- The Washington Times - Thursday, August 28, 2008

BILLINGS, Mont. | Sen. Barack Obama, angling for veteran and military voters from rival Sen. John McCain, pledged Wednesday to rebuild the Department of Veterans Affairs and claimed his Republican foe would continue President Bush’s policies that he says neglect troops returning from war.

“I had some strong disagreements with George Bush and John McCain about the war in Iraq,” the Illinois Democrat said. “But one thing I thought we would all agree to is that when our troops come home, they are going to be treated with the honor and respect that they deserve. … The fact is, those hundreds of thousands of troops who are coming home right now are not getting what they need.”

“It’s heartbreaking,” he told about 225 veterans and military family members at a town-hall meeting in Riverfront Park.

Vice President Dick Cheney, addressing the American Legion annual convention in Phoenix, strongly defended the administration’s record, noting that the $94 billion requested for veterans programs in the upcoming budget is nearly double what it was when Mr. Bush took office in 2001.

The request includes more than $5 billion for new and expanded veterans’ facilities around the country, Mr. Cheney said.

“President Bush and I came to office determined to raise the quality of veterans’ health care, to get more money to the VA and to trim the backlog in processing disability claims,” he told the gathering. “Aided by your strong voice on Capitol Hill, we’ve been able to make a big difference for veterans and their families.”

Military voters are key to Mr. Obama’s strategy to win states such as Montana, a state with one of the country’s largest per-capita concentrations of veterans and one that has voted Republican in nine of the last 10 presidential elections. But the state has shifted in recent years, with a Democratic governor in Brian Schweitzer and Democrats Max Baucus and Jon Tester holding the state’s Senate seats.

The military vote is also critical in states such as Virginia and North Carolina, which have not gone for the Democratic presidential candidate in decades. The Obama campaign thinks it can make inroads in both states and perhaps challenge elsewhere in the solidly Republican South.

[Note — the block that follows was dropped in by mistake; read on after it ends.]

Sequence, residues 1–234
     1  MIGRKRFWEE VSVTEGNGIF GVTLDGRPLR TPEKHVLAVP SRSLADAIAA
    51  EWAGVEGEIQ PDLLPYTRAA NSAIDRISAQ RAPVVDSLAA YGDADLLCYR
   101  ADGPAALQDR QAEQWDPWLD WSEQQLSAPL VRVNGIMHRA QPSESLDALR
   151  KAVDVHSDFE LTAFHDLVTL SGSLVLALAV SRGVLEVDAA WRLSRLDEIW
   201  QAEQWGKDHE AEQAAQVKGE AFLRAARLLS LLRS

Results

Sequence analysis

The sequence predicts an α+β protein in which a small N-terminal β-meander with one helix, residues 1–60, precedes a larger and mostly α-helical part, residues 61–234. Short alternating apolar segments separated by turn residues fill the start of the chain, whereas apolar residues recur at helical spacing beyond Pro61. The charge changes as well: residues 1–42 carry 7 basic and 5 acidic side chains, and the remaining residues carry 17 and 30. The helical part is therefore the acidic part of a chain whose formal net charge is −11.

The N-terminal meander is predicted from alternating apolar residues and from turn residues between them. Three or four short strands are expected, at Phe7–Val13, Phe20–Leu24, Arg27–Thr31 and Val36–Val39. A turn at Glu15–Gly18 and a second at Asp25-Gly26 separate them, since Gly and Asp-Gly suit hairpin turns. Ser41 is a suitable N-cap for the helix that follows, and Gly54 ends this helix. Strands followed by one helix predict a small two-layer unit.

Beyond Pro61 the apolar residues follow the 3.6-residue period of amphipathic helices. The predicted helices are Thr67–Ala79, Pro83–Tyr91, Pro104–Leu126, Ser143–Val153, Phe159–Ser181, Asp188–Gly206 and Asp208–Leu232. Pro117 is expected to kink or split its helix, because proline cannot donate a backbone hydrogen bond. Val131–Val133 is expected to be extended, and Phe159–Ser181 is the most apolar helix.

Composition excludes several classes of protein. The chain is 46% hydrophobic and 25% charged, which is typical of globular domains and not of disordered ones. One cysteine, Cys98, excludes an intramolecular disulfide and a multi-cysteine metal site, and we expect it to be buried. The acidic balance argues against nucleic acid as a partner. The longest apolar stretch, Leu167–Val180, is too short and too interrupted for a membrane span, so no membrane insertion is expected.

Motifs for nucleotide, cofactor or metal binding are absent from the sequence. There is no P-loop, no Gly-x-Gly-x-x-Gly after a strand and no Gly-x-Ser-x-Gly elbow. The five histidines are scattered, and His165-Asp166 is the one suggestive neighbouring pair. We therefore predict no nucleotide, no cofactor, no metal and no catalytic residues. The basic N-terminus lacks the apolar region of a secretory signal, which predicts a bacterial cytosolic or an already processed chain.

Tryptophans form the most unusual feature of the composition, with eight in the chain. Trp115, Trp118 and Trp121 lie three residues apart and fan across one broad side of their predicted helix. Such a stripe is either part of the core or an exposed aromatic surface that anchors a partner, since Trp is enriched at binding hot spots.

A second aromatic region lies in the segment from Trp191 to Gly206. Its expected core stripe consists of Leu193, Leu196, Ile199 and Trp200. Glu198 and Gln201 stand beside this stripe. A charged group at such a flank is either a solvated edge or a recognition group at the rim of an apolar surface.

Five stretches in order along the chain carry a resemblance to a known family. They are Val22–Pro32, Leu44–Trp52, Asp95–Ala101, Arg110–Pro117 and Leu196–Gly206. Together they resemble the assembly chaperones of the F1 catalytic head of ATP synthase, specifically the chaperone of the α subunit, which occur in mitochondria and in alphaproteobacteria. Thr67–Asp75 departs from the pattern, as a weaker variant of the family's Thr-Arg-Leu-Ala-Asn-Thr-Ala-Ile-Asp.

Mr. Obama promised to fully fund Veterans Affairs’ programs, increase the number of VA clinics to better serve veterans in rural communities and expand services for those suffering from post-traumatic stress disorder.

His pledge for a measured withdrawal of U.S. troops from Iraq also drew applause from the crowd.

Mr. McCain of Arizona, a decorated Navy pilot who spent more than five years as a prisoner of war in Vietnam, enjoys broad support from military voters.

But Mr. Obama said his opponent’s distinguished war record does not make him the best candidate for president.

“We owe him gratitude for that, but we don’t owe him our vote,” Mr. Obama said, “because the stakes are too high.”

Mr. Obama planned Wednesday to fly to Denver, where he will watch running mate Sen. Joseph R. Biden Jr. of Delaware address the party convention and put the finishing touches on his own acceptance speech for the Democratic presidential nomination Thursday.

In Billings, he said Mr. McCain is out of touch with the needs of veterans and the needs of middle-class Americans, who he said are struggling with falling household incomes and the rising costs of gasoline, heating fuel and health care.

Repeating a recently added staple of his stump speech, Mr. Obama reminded the crowd that his Republican opponent recently told reporters that he could not remember how many houses he owned and defined a wealthy person as one making $5 million a year.

Mr. McCain and his millionaire wife, Cindy, own or have a stake in at least eight residential properties, according to reports.

“We have a choice in this election,” Mr. Obama said. “Do we have a president who gets that people are struggling every day, who gets that veterans are struggling every day, or do we have somebody who doesn’t get it?”

He also hit Mr. McCain for initially opposing a new GI Bill, which offered expanded education benefits for veterans returning from Iraq and Afghanistan. Mr. McCain raised doubts about the bill early on, saying making benefits available to veterans after a single three-year enlistment could hurt the military’s retention rates.

The bill passed Congress and was signed into law by President Bush this summer.

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